Finally, we need to remember the PRACTICE of Grace. This is where we deal with the “implications” of God’s grace in our daily lives, personally and in community. Growing in our understanding of God’s grace shown to each of us, and to His church collectively, should lead to a gracious community of faith. First, the more you understand the grace of God, the more you grow in RELIANCE upon the Spirit of Grace. We can never “improve” upon the work of Christ. Jesus scored a perfect 10 on our behalf! Therefore, we are to be daily relying upon the grace of Christ, less driven to trust in our performance, and more driven to look upon His merits! We will also grow in HUMILITY, for we recognize that it was in our weakness that Christ visited us and showed us His grace. As we grow in the Christian life, it is our weakness that drives us to the throne of Grace, as it did the apostle Paul (2 Cor 12).
Finally, as we grow in grace, it will be evident in our RELATIONSHIPS, be they in the home or in the church. This is especially true in two areas. First, when we sin against one another, are we willing, in imitation of God’s grace, to work hard to reconcile with one another and mutually forgive one another? There is nothing that anyone has, or can ever do against you, that is greater than your sin against an infinitely holy God. Who are we to hold grudges, coddle bitterness, or treat one another with indifference when someone sins against us? Second, in our relationships, growing in grace will mean that we will be willing to lay down our lives in loving service for others. To speak of God’s grace is to speak of His Son sacrificing Himself for us. What about us? Are we willing to live as a “living sacrifice” (Rom 12:1-2) for one another? Setting aside self-interests and self-preoccupation, in order to meet the need(s) of someone else? The Christian who is growing in grace is, to be sure, a maturing Christian.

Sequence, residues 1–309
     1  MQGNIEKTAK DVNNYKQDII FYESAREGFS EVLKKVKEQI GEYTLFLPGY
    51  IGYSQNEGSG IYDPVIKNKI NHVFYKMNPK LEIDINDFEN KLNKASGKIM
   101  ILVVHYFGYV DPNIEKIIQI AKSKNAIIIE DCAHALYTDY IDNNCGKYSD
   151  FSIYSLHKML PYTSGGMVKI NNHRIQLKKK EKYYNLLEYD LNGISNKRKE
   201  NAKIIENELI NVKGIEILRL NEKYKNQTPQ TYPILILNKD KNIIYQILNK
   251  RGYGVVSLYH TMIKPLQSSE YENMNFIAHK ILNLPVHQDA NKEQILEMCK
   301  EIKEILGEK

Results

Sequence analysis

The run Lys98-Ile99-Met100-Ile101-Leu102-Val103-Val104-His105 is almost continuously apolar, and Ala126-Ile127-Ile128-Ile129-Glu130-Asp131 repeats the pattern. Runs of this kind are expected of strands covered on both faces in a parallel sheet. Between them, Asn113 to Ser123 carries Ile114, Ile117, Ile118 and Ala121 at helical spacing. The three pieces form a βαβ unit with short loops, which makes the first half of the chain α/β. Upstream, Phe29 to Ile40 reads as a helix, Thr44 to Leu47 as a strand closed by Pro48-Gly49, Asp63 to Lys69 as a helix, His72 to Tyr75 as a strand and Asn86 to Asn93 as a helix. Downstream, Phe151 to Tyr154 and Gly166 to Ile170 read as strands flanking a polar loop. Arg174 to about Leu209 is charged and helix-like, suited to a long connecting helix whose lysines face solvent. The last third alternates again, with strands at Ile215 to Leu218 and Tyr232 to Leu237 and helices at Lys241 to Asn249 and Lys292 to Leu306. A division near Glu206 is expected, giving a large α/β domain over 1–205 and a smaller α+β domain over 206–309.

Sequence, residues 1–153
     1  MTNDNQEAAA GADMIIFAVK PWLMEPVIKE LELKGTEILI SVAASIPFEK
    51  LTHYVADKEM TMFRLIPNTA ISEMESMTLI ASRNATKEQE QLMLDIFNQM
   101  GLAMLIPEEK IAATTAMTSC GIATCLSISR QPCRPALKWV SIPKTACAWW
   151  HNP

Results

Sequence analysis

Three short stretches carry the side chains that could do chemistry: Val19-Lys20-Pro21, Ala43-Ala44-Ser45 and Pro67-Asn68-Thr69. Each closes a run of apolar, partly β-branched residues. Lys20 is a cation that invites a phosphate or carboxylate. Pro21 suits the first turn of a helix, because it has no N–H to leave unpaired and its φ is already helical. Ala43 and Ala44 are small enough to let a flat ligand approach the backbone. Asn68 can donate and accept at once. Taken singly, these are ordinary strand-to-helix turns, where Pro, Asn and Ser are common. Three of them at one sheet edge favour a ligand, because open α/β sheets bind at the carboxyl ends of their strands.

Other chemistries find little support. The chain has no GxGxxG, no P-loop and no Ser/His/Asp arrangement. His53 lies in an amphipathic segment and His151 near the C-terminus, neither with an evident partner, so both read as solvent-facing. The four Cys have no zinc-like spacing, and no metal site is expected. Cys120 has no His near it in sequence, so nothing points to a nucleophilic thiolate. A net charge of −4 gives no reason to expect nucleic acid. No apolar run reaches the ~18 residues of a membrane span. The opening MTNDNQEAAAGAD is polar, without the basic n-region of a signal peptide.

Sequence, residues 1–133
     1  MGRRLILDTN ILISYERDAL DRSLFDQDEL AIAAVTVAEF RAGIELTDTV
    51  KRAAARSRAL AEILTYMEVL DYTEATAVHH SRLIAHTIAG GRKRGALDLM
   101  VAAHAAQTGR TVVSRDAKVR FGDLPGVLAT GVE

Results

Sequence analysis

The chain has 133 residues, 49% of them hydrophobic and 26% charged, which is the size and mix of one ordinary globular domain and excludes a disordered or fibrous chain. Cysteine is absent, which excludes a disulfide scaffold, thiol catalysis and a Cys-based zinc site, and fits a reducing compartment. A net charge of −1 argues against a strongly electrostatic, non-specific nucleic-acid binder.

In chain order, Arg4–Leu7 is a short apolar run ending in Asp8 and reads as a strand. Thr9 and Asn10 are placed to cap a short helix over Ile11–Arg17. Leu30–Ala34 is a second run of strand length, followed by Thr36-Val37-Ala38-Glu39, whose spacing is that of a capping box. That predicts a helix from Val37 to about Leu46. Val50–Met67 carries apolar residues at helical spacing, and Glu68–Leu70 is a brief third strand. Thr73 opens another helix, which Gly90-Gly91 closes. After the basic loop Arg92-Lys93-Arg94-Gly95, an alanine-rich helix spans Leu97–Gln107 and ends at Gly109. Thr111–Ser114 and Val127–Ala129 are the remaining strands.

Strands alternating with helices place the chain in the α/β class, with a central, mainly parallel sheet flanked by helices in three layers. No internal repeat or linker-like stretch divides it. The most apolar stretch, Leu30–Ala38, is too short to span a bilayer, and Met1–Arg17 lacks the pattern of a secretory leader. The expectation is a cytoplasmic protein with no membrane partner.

The great hymn writer John Newton was astounded by this grace. So much so that he penned, from the heart, arguably the greatest hymn in the church’s history, Amazing Grace. Similarly, Isaac Watts was astounded by God’s grace in Jesus Christ, “Were the whole realm of nature mine, that were a present far too small, love so amazing, so divine, demands my soul, my life, my all.” May our understanding of God’s Amazing Grace, beloved, motivate us to worship our amazing God, and to be able to say, “Take my life, and let it be, consecrated, Lord, to Thee!”